Legal immigration to the U.S. is very limited.
Permanent legal immigration to the U.S. excludes millions of people because it is limited to the following three paths:
Family: This category is limited to individuals with close family relationships, such as spouses, parents, children, and some siblings. The number of people who can immigrate legally based on this category is capped every year, which leads to long wait times. For instance, the visa bulletin for May 2017 shows that Mexican siblings of U.S. citizens must wait at least 20 years to come legally to the U.S.
Employment: This category generally requires that a person have a job lined up in the U.S. and usually must meet specific education or skill level requirements. This category is also capped every year.
Humanitarian protection: This category is limited to refugees or asylum seekers who come to the U.S. to escape persecution and violence back home.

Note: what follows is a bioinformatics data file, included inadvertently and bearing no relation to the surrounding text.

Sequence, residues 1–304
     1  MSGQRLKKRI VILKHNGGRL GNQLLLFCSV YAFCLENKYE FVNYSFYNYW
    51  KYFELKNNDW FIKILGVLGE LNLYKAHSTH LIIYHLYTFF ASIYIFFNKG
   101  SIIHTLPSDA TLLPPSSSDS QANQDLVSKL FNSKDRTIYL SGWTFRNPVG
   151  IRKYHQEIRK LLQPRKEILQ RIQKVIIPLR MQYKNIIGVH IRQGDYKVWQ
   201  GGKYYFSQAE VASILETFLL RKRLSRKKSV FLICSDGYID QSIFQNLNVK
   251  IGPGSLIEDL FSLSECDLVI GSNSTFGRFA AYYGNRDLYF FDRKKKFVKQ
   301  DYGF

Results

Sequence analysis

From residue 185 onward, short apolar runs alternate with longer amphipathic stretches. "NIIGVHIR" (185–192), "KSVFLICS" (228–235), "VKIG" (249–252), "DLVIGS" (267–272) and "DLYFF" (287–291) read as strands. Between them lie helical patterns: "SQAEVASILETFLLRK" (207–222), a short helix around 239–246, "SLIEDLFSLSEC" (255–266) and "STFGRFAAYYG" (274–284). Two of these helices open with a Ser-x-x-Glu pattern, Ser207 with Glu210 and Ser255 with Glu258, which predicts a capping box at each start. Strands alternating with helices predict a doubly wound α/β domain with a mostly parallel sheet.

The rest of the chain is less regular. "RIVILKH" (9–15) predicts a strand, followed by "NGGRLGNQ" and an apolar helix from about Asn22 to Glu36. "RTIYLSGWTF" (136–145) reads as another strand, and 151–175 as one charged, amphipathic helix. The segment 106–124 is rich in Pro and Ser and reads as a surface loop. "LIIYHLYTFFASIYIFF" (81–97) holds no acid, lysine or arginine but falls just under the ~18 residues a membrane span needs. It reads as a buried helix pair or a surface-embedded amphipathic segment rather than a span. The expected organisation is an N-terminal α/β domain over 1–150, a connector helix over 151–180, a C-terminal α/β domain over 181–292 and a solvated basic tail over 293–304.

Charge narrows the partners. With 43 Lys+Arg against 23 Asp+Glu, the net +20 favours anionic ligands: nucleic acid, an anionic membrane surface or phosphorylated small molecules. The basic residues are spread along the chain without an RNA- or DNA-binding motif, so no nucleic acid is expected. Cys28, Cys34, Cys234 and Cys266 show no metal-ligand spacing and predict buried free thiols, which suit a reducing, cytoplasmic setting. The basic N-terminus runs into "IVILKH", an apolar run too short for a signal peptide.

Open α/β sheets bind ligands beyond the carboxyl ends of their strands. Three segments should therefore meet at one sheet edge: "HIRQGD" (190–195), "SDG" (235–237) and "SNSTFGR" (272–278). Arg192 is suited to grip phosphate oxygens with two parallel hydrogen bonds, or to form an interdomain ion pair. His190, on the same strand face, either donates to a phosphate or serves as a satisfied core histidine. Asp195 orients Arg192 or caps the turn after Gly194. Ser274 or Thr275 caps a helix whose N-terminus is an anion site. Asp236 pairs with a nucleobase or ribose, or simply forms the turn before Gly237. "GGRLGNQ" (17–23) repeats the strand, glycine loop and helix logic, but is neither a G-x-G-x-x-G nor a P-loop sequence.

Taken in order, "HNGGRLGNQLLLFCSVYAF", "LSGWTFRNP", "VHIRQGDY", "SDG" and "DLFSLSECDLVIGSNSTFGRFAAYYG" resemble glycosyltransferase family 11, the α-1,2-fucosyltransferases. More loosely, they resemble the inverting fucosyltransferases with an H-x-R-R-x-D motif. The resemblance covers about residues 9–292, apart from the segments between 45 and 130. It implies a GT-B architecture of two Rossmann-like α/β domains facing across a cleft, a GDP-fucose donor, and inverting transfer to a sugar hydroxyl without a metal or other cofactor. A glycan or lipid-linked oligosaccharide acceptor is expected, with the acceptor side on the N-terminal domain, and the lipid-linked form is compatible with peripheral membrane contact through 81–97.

The U.S. immigration system is outdated.
Many people come to the U.S. without documentation or stay after their visas expire for economic opportunity. Because our immigration system has not been updated significantly in more than 30 years, the options to come to the U.S. for economic opportunities are limited.
Undocumented immigrants cannot easily gain legal status.
Undocumented immigrants already in the U.S. have very limited ways to gain legal status. The most common path is to marry a U.S. citizen, but even in this case they face significant barriers. The process requires leaving the U.S., but immigration laws bar anyone who has been undocumented for more than a year from re-entering the U.S. for 10 years, serving as a strong incentive for individuals not to leave the U.S. and adjust their status.
Background Facts on the Undocumented
- An estimated 11 million undocumented immigrants live in the United States. About two-thirds (66 percent) have lived in the U.S. for 10 years or more.
- The number of undocumented immigrants living in the U.S. has stayed at the same level since 2009 (about 11 million).
- As of 2012, Mexicans represented a slim majority — 52 percent — of the entire undocumented population, followed by El Salvador (6 percent) and Guatemala (5 percent).
- Approximately 8 million U.S. citizens share a household with at least one undocumented family member.
- About 3.4 million undocumented immigrants have or reside with at least one U.S.-citizen child under age 18.